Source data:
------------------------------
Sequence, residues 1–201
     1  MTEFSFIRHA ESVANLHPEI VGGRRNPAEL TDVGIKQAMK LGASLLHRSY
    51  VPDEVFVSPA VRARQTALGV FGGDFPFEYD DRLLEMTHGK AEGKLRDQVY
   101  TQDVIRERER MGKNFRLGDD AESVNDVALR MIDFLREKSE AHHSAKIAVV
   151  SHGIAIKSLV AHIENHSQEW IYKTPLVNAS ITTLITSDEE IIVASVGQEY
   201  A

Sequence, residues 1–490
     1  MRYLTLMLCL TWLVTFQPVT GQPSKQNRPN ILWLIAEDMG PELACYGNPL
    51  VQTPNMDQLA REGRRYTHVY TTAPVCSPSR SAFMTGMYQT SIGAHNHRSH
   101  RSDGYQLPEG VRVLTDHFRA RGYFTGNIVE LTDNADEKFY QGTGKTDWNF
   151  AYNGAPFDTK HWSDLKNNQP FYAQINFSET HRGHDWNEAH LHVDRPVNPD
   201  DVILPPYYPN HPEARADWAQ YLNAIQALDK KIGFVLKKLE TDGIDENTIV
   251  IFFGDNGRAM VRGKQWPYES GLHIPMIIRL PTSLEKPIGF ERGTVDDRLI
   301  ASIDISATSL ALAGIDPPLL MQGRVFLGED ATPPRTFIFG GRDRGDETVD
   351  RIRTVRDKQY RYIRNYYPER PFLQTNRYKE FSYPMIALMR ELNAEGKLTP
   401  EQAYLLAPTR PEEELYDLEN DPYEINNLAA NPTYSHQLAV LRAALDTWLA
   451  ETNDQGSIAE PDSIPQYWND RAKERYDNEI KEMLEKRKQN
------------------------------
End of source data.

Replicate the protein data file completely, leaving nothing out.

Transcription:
Sequence, residues 1–201
     1  MTEFSFIRHA ESVANLHPEI VGGRRNPAEL TDVGIKQAMK LGASLLHRSY
    51  VPDEVFVSPA VRARQTALGV FGGDFPFEYD DRLLEMTHGK AEGKLRDQVY
   101  TQDVIRERER MGKNFRLGDD AESVNDVALR MIDFLREKSE AHHSAKIAVV
   151  SHGIAIKSLV AHIENHSQEW IYKTPLVNAS ITTLITSDEE IIVASVGQEY
   201  A

Sequence, residues 1–490
     1  MRYLTLMLCL TWLVTFQPVT GQPSKQNRPN ILWLIAEDMG PELACYGNPL
    51  VQTPNMDQLA REGRRYTHVY TTAPVCSPSR SAFMTGMYQT SIGAHNHRSH
   101  RSDGYQLPEG VRVLTDHFRA RGYFTGNIVE LTDNADEKFY QGTGKTDWNF
   151  AYNGAPFDTK HWSDLKNNQP FYAQINFSET HRGHDWNEAH LHVDRPVNPD
   201  DVILPPYYPN HPEARADWAQ YLNAIQALDK KIGFVLKKLE TDGIDENTIV
   251  IFFGDNGRAM VRGKQWPYES GLHIPMIIRL PTSLEKPIGF ERGTVDDRLI
   301  ASIDISATSL ALAGIDPPLL MQGRVFLGED ATPPRTFIFG GRDRGDETVD
   351  RIRTVRDKQY RYIRNYYPER PFLQTNRYKE FSYPMIALMR ELNAEGKLTP
   401  EQAYLLAPTR PEEELYDLEN DPYEINNLAA NPTYSHQLAV LRAALDTWLA
   451  ETNDQGSIAE PDSIPQYWND RAKERYDNEI KEMLEKRKQN